> 3) That I use standard inner tubes
    > 4) That I check tyres often and change them when I see damage
    > 5) That I hang my bike up indoors after every ride.
    > 6) That I let some air out the tyres
    > 7) That I pump to max pressure 8 Bar before every ride, without taking temperture or expected road
    > quality into consideration
    > 8) Luck, luck and more luck.
    >
    > Garry Jones President Mora Cycling Club English cyclist ResIDING in Sweden
     
  8. Walter Mitty

    Walter Mitty Guest

    Garry Jones <[email protected]> brightened my day with his incisive wit when in
    news:[email protected] he conjectured that:

    > I always knew I would be writing this post, I just never knew when..
    >
    > At the end of 1997 I mentioned in one of the rec.bicycles.* newsgroups that I had not had a
    > puncture since 1994. A few people were amazed, others doubted, one even called me a liar.
    >
    > Well, I can not prove anything, but my puncture free run on the bike continued throughout 1998,
    > 1999 and into the 21st century. In the mid 1990's I was cycling up to 10 000 miles a year, now I
    > am down to about 4000. I cycle on roads all over Sweden, some of which are not in a perfect state.
    >
    > I began to wonder if I would ever get another puncture, taking two
    inner
    > tubes with me started to seem unnecessary, but I believe in the law according to Sod and if I had
    > refrained from taken inner tubes I would have punctured for sure.
    >
    > To add to the authenticity of this posting I can also mention that I am president of a cycling
    > club and a member of a training group of up to
    30
    > cyclists, some of whom read these newsgroups. I have a large contact network of cyclists all over
    > Sweden and I am not being presumptuous
    when
    > I assume that a lot of frequent recreational cyclists know who I am. Consequently I would find it
    > hard to get a puncture unnoticed.
    >
    > So, why this posting. Yes, it happened, the unthinkable occured
    tonight.
    > I was out with a group of 20 cyclists on a 60 mile ride when my rear wheel suddenly felt strange.
    > First I thought it was a brake pad
    sticking
    > and I looked back at it. I was at the back of the group and a slight
    gap
    > opened up. I looked again, my tyre was deflating. PUNCTURE! - My first one since the summer of
    > 1994 and after about 70 000 puncture free
    miles.
    > My first puncture on the Pinarello Gavia I bought in February 1995. By the time I realised what
    > had happened the group was so far up the road they didn't hear my shouts. I changed the inner tube
    > slowly and surely and cycled the remaining 20 miles back home alone. As nobody actually saw this I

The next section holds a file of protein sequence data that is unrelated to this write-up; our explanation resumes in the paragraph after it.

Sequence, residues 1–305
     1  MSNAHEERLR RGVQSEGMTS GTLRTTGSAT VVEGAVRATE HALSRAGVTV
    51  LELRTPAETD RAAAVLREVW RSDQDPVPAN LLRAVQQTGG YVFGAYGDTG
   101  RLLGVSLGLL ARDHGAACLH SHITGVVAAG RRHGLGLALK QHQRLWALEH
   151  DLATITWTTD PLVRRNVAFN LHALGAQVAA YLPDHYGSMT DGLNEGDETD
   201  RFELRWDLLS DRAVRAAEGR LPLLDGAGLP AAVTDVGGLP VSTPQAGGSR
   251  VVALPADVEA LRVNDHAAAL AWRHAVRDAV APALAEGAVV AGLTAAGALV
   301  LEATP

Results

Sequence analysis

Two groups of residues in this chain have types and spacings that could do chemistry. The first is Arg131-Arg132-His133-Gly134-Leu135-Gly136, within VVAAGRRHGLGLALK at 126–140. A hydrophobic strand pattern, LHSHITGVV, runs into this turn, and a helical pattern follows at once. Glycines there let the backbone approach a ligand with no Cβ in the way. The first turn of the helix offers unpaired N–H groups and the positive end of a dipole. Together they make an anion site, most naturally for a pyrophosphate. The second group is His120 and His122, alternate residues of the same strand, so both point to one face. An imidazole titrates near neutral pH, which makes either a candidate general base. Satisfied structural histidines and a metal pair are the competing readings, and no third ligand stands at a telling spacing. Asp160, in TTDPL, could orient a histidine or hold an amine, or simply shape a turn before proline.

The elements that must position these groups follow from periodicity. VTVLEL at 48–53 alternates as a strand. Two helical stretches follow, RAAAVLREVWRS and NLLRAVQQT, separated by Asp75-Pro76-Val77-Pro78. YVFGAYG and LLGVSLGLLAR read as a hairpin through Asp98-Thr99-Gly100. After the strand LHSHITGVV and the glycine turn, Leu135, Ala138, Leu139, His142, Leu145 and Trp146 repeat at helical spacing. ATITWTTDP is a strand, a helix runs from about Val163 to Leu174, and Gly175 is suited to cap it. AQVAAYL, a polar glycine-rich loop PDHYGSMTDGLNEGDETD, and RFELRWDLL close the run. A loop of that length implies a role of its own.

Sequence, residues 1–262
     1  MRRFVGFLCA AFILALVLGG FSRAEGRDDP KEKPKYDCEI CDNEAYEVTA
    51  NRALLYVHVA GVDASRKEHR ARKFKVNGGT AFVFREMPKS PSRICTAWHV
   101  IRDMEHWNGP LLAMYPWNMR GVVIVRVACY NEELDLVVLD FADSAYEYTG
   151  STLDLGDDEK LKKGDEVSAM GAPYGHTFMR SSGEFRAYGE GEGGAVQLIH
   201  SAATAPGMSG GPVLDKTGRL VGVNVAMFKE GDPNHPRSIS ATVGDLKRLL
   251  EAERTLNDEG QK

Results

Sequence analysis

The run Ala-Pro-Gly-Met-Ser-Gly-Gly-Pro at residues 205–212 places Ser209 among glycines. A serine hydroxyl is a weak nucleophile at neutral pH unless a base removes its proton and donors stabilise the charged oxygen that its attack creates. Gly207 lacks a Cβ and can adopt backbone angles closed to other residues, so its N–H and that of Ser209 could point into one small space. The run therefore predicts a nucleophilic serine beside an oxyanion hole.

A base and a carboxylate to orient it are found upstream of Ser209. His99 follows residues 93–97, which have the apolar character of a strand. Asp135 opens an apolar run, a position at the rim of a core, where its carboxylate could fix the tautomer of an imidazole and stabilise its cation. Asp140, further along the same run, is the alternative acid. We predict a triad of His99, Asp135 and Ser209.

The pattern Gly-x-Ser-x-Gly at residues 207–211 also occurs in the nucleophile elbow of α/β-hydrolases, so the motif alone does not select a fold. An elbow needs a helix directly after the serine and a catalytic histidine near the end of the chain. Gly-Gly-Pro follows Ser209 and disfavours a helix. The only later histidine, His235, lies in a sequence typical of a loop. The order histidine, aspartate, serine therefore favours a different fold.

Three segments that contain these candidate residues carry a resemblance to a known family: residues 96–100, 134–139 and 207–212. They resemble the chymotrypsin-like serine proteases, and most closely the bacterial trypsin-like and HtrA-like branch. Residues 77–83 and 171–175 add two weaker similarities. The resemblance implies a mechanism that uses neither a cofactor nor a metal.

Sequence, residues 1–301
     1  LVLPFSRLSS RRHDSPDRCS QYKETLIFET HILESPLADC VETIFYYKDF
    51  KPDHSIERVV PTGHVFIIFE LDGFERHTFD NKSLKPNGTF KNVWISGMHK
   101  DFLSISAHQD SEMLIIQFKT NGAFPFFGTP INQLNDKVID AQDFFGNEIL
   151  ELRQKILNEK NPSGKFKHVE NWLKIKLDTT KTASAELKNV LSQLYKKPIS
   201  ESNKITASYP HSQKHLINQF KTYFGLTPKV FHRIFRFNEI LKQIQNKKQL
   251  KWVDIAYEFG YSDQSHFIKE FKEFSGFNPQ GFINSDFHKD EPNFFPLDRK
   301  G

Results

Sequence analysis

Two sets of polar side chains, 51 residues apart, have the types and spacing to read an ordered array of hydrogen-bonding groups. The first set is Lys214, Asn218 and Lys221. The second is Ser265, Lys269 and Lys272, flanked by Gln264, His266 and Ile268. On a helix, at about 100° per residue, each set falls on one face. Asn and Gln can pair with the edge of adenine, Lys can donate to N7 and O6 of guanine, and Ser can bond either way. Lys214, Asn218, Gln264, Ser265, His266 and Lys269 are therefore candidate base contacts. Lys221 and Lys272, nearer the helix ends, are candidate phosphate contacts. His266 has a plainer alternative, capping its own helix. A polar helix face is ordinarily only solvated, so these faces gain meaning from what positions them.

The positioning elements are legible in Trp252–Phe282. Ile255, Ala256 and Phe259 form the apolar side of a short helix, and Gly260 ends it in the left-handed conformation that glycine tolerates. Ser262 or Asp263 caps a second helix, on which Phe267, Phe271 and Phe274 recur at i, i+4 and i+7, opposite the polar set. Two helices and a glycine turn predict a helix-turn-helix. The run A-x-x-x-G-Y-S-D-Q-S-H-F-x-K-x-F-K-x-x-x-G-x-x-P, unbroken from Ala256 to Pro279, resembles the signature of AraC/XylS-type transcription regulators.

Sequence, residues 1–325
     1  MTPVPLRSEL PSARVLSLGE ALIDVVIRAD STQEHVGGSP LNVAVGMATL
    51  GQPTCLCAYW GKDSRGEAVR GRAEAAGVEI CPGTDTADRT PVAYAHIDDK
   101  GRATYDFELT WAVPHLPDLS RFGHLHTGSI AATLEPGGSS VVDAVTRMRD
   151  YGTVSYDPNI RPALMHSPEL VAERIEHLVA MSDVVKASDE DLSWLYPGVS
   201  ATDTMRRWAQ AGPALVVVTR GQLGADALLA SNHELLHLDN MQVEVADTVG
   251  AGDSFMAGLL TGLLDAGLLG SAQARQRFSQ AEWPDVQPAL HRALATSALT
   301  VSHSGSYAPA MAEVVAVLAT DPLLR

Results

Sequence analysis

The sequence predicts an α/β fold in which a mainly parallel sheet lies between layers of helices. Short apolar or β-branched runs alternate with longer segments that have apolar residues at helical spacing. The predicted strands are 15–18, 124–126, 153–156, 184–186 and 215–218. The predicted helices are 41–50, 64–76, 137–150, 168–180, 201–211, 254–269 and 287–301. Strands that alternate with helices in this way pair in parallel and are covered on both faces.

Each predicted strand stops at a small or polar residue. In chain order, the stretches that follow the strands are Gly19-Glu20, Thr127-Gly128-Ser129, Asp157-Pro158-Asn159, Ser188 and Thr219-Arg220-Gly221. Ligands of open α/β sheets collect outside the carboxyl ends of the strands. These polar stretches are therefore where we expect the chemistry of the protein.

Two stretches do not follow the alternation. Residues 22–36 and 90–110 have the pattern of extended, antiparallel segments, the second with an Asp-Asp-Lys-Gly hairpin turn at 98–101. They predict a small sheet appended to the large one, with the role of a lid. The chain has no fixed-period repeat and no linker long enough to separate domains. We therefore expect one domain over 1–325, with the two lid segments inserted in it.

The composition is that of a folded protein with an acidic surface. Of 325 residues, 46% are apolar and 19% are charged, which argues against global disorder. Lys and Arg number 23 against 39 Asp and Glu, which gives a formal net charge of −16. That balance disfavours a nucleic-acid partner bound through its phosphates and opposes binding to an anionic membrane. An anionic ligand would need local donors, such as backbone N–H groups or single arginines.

> could have changed it and not said anything if I had any interest in making up this story.
    >
    > I feel I have rejoined the human race today, now I too can get
    punctures
    > just like everybody else. I suppose I am going to start getting them
    all
    > the time now. Watch this space.
    >
    > I credit several factors for my puncture free run.
    >
    > 1) Luck
    > 2) That I use quality puncture resistant tyres.
    > 3) That I use standard inner tubes
    > 4) That I check tyres often and change them when I see damage
    > 5) That I hang my bike up indoors after every ride.
    > 6) That I let some air out the tyres
    > 7) That I pump to max pressure 8 Bar before every ride, without taking temperture or expected road
    > quality into consideration
    > 8) Luck, luck and more luck.
    >
    > Garry Jones President Mora Cycling Club English cyclist ResIDING in Sweden
    >

    I have certainly not ridden the same amount of miles but my 1995 Dawes Galaxy has certainly seen a
    few of them : mostly heavy laden.

    I too have never had a puncture.

    I put this down to one thing : riding the bumps. I don't sit fat assed on the saddle and any bumps,
    holes, obstacles generally see me out of the saddle, weight on the pedals, relieving the weight on
    first the front and then the rear tyres.

    Touch wood.

    Now I have upgraded my bike & wheels & my tyres I feel sure that I am doomed :)

    (btw, I changed the inner tubes twice a year regardless of mileage)

    --
    Walter Mitty.
     
  9. In article <[email protected]>, Garry Jones <[email protected]> wrote:
    >
    >I credit several factors for my puncture free run.
    >
    >1) Luck
    >2) That I use quality puncture resistant tyres.
    >3) That I use standard inner tubes
    >4) That I check tyres often and change them when I see damage
    >5) That I hang my bike up indoors after every ride.
    >6) That I let some air out the tyres
    >7) That I pump to max pressure 8 Bar before every ride, without taking temperture or expected road
    > quality into consideration
    >8) Luck, luck and more luck.

    So watching where you're going doesn't have anything to do with it?
     
  10. Matt O'Toole

    Matt O'Toole Guest

    "Gary Smiley" <[email protected]> wrote in message news:[email protected]...

    > Funny - I got a flat today- I also got one last Wednesday,
    and I got one a
    > week ago Sunday (while touring in Montreal). I find that
    Europe tends to
    > have less broken glass and debris on their roads than the
    United States.

    That's because they have deposits on glass bottles. They also don't eat as much take-out food and
    drink, and if they do they stop, sit, and eat like civilized beings instead of stuffing their
    faces while driving. Plus they have government workers to pick up any trash that does make it to